My Top Ten Lessons I’ve Learned about Magazine Writing

As a features editor for two photography trade magazines, I field my share of queries.  Not as many as top consumer magazines, but enough for me to learn a few things when I pitch.  I’ve been steadily pitching magazines for four years now.  I’ve landed articles with Every Day with Rachael Ray, VegNews, Bust, Audrey.  And there’s dozens of magazines that have turned me down: the pitch wasn’t right, the magazine stopped taking freelance writers, had another similar story, etc.

I wanted to share my top 10 lessons I’ve learned as an editor and freelance writer.  While some may say print magazines are dying (RIP Gourmet, Cookie, Domino, Adorn), there are tons of great mags still out there!  

1. Rejection is part of the game.
Out of the 10 pitches I write, I’d say about two pitches garner real interest and maybe will land me an article.  But I never stop pitching and querying editors who I have been in touch with.  And whatever critique you get, learn from it.  I pitched Body ‘n Soul with a generic idea and the editor called me out on it.  And I haven’t done it since.

2. Read the magazine you’re pitching.  At least 3 issues.
I dislike when a photographer pitches me a story idea and has clearly never read the magazine.  Read the magazine, dissect it, get its voice, then pitch the editor.  Don’t cold call me with a generic, “I’d like to write for you.”  Tell me what you want to write and where it fits in the magazine.  I especially like when photographers say “Hey, I really loved this story you guys did.  It helped me learn more about my craft.”  This tells me you have passion and interest in the magazine.  

3. Don’t email the editor and call every week.
I’m busy.  I have 30 emails flagged, 2 print publications to edit, and one online newsletter to pull together every month, besides meetings, etc.  Calling me every week to check in about your query isn’t suggested.  Give me some time, and I swear I’ll get back to you.  

4.  Every contact is a good contact.
I keep an Excel spreadsheet with my pitches in it: who I’ve pitched, when I pitched, when to follow up, and their comments.  Editors move and change magazines so having my sheet helps me know where they were before and how to approach them.  For example, “We worked together on a story when you were at ‘X’ magazine.”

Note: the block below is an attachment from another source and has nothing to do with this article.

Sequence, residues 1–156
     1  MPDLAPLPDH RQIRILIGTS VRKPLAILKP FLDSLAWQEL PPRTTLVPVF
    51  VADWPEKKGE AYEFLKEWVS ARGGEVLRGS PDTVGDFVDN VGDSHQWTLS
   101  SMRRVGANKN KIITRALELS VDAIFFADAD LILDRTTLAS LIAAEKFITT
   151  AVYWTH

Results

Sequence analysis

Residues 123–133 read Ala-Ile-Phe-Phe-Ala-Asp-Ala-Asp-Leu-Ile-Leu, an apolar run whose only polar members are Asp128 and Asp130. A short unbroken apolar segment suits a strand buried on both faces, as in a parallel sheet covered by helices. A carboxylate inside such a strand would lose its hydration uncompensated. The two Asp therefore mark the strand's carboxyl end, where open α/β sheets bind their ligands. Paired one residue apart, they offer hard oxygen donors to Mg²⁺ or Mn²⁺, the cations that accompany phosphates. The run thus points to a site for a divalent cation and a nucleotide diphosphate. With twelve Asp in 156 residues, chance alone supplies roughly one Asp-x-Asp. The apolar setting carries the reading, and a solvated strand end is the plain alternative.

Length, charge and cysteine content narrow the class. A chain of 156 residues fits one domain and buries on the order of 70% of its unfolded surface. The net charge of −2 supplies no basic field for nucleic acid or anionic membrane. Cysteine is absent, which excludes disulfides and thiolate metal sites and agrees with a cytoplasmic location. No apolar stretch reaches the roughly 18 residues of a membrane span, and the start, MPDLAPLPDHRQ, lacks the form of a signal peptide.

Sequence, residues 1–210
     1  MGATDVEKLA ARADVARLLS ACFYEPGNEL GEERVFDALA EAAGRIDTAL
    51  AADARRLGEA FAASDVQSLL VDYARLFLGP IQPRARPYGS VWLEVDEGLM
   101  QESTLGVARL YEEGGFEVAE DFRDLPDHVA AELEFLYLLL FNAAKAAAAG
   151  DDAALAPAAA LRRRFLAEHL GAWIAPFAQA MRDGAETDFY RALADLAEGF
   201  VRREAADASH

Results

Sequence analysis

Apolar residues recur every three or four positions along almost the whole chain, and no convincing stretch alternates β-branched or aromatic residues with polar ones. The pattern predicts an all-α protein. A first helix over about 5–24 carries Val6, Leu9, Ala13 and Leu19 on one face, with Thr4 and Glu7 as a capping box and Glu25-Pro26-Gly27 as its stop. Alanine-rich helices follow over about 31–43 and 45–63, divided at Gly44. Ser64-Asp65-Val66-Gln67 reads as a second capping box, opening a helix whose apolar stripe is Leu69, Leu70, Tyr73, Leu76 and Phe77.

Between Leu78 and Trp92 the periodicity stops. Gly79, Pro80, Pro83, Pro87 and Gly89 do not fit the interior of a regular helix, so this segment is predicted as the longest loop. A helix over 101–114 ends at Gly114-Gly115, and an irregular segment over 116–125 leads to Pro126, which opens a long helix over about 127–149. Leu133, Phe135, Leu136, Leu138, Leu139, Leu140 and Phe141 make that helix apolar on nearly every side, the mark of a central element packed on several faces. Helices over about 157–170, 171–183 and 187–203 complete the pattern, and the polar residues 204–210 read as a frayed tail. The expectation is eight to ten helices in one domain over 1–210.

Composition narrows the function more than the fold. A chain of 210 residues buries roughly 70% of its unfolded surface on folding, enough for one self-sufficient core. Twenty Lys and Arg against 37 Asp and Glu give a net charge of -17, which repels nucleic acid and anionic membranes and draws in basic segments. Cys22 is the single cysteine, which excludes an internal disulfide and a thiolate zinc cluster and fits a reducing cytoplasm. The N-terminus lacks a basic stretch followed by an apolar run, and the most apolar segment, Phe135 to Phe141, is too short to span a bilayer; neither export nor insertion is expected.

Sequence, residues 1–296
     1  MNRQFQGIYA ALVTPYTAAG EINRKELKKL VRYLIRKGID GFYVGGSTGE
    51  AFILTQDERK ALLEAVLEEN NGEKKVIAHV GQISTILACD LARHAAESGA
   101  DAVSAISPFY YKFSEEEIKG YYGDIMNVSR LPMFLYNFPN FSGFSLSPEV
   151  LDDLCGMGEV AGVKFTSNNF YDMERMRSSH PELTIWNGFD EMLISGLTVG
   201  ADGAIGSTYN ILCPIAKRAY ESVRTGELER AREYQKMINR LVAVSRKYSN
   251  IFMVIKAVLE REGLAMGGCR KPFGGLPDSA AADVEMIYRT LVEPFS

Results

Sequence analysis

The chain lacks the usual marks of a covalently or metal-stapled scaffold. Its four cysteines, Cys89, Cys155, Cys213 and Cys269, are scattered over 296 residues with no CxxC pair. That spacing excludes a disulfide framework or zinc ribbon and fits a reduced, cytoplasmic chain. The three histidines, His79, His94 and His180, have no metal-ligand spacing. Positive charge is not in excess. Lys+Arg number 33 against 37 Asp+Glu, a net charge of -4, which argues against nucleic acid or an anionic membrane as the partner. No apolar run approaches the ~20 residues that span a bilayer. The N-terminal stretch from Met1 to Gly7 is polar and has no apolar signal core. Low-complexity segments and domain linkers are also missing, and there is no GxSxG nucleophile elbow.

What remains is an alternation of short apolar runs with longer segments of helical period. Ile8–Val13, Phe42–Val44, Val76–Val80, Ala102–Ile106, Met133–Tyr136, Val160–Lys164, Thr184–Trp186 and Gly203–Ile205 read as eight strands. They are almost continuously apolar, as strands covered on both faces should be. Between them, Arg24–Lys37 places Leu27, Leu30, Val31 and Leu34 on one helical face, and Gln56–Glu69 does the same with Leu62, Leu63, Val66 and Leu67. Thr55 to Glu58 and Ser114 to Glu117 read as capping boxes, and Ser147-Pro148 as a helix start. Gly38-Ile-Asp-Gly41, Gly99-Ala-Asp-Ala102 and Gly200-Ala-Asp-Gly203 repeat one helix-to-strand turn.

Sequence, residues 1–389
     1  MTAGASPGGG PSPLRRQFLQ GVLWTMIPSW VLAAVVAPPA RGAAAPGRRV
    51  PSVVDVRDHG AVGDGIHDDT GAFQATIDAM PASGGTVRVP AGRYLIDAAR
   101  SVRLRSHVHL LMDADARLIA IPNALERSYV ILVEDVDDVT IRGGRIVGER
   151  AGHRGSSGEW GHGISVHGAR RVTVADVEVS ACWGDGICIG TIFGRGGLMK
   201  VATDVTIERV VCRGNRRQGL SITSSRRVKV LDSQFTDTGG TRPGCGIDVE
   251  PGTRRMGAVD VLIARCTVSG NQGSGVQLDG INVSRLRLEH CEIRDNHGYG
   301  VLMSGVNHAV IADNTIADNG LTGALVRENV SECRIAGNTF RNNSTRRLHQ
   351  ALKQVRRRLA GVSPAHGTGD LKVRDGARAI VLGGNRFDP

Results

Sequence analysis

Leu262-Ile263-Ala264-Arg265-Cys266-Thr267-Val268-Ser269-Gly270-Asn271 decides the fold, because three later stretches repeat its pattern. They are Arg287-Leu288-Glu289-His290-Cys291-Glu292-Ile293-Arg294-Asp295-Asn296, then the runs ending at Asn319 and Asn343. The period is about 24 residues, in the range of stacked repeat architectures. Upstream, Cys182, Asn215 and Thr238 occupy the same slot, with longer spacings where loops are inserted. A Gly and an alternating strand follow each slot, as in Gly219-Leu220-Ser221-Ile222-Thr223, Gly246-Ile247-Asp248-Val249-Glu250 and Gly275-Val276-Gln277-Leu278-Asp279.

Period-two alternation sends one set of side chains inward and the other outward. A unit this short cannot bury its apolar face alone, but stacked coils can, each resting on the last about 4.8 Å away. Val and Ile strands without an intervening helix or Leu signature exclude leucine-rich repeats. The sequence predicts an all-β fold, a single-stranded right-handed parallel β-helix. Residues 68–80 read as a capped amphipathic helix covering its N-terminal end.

5. Proofread, proofread, proofread.
Nothing is worse than reading a query littered with typos or worse — the wrong name of the magazine.  This shows me that you as a writer will put little thought or care into your final work. 

6. Manners matter.
After an article of mine is published, I always email the editor with positive comments.  “Love the layout.”  “Great work.”  When I get those emails as an editor, it makes all the time spent polishing a piece for publication worth it. 

7.  Sum up your personal essay in a sentence.
If you want to write a personal essay for a women’s magazine, read them and study them.  Each magazine has a different audience and a different language.  Note the length, the language, the style, and what the essay is telling you.  If you can sum up your personal essay in a cohesive sentence, you’re on your way.

8. Cut, then cut some more.
I spend most of my work day editing and cutting profiles.  Sometimes writers turn in a 3,000 word article for a 1,500 word space.  I’ve learned that art directors love more space to play and magazines look better when not weighed down with lengthy articles (of course that depends on the magazine).  Less is always more.  When I edit, I sit down with a pencil and trim and move paragraphs around.  I put it down, and work on something else, then go back and tackle it.

9. Read your work out loud.
After I polish a piece and before I send it to an editor, I like to read it out loud to myself.  That’s when I can see what is not working and what is.  Sometimes your eyes will glaze over a section that seems fine but then when you read it out loud, it sounds terrible.  

10. You gotta love magazines.
It’s a tough industry.  Tons of rejection, economy woes, and slimmer magazine packages.  But I love magazines.  I have loved them since I got my first issues of YM, Seventeen, and Sassy.  I have several subscriptions to my favorites and I read them as soon as I can.  I love sitting down and reading them cover to cover.  You gotta love it or don’t do it.

4 Comments on “My Top Ten Lessons I’ve Learned about Magazine Writing

    • Thanks Susan! I’ve learned a lot from you. Especially when you tell me, “Can we cut more words?” Writers don’t think like that but they need to when writing for magazines.

  1. These are great tips, and not just for magazine writers. Most of these would also apply to comic books, TV, and even movies. Basic civility and knowing the media you’re pitching to go a long way, but too many folks forget that. Great posting!

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